How to Decode WWII Army Ribbons

by Liz Frazier

World War II military ribbons symbolize service in a particular campaign or theater. By looking at these ribbons, it is possible to see the varied careers of WW II veterans. The meaning of the ribbons may be determined by using the Department of Defense (DOD) Institute of Heraldry website. There you will find a picture of the ribbon, its name and the reason that it was awarded. Replacements ribbons may be ordered from the Army with proper documentation.

Observe the ribbon carefully and note what colors are used and the pattern of the colors. If the medal is attached, examine it as well. You may be able to identify the ribbon by the words on the medal. If not, seeing the details of the medal will make the ribbon easier to track down on the Institute of Heraldry website. When you finish, place the ribbon back in storage to prevent damage.

Go to the DOD Institute of Heraldry home page (see the Resources section). This site provides information about all ribbons used by the military services throughout history. On the menu bar across the top of the page, click on the "Decorations and Medals" link. On the next page, click on the "Ribbons - Order of Precedence" link. Next you will see a page with rows of different color ribbons. Scroll down until you see the American Defense Medal ribbon (the yellow one almost half way down the page). This ribbon and the six after it are WWII service medal ribbons.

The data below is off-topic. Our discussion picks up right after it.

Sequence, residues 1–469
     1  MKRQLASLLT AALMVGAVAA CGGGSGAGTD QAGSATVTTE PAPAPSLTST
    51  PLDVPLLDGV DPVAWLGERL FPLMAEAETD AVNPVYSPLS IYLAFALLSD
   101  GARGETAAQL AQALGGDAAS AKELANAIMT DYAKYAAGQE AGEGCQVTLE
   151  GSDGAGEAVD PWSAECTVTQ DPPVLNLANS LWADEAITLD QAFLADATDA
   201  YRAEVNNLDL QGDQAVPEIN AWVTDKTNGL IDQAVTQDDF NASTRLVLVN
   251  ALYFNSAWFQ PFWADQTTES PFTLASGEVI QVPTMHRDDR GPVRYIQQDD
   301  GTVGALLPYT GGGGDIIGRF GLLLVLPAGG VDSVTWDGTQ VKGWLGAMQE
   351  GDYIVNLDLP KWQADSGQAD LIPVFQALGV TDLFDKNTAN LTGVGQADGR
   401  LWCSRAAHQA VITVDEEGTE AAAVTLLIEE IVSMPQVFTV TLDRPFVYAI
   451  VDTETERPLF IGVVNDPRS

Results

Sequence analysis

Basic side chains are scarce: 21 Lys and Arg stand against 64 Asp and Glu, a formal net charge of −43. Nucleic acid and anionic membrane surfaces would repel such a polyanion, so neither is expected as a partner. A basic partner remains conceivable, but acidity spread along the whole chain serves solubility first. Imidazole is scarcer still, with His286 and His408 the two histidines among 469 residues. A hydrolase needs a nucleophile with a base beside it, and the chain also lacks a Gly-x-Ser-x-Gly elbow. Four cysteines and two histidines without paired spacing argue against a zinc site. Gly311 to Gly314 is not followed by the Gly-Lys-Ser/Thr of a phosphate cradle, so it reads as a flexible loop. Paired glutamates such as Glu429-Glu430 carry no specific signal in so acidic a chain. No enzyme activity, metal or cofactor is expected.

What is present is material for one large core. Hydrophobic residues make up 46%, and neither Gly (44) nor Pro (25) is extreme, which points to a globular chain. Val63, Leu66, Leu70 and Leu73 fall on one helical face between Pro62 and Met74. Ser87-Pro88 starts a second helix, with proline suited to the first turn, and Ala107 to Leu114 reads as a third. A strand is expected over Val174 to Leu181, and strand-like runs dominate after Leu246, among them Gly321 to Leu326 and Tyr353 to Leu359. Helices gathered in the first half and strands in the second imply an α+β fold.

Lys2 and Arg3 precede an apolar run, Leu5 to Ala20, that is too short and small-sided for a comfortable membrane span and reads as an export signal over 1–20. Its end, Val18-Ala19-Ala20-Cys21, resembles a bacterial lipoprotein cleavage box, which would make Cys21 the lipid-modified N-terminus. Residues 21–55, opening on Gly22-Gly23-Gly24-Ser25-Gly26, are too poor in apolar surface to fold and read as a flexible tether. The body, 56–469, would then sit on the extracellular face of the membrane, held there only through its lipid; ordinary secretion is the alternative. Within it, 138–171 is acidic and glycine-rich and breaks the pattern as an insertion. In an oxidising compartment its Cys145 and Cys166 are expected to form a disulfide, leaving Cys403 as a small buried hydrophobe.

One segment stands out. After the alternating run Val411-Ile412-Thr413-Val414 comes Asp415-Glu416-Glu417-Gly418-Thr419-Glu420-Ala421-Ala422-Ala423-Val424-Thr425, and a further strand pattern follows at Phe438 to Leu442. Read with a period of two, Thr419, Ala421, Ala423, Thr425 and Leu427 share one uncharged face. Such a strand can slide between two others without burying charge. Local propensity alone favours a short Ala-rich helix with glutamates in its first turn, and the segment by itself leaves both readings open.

Compare ribbons. There are seven WW II service ribbons: the American Defense ribbon, the Women's Army Corps Medal ribbon, the WWII Victory Medal ribbon, the American Campaign Medal ribbon, the Asiatic-Pacific Campaign Medal ribbon, the European-African-Middle Eastern Campaign Medal ribbon and the Army of Occupation Medal ribbon. Compare the color scheme of your ribbon to the ones on the screen. This should not be difficult since all of the designs are unique. Again, pay special attention to the details on both the ribbon and the medal.

Click on the link when you find a ribbon that matches. The Institute describes the details of the physical appearance of the ribbon and medal. It also lists the criteria for earning the ribbon and the years that the ribbon was actively awarded to soldiers. Some ribbons come with an associated lapel pin that can be worn on civilian clothes. With proper documentation, some lapel pens can be purchased commercially.

Items you will need

  • WW II ribbon
  • Computer

About the Author

Liz Frazier has been producing Web content, instructional articles and trivia for websites such as TopTenz.net and RealDealTechnologies.com since 2008. Her writing interests lie primarily in the areas of politics (specifically public administration and elections), the military, education and forced migration. Frazier has a Bachelor of Arts degree in political science from California State University, Northridge.

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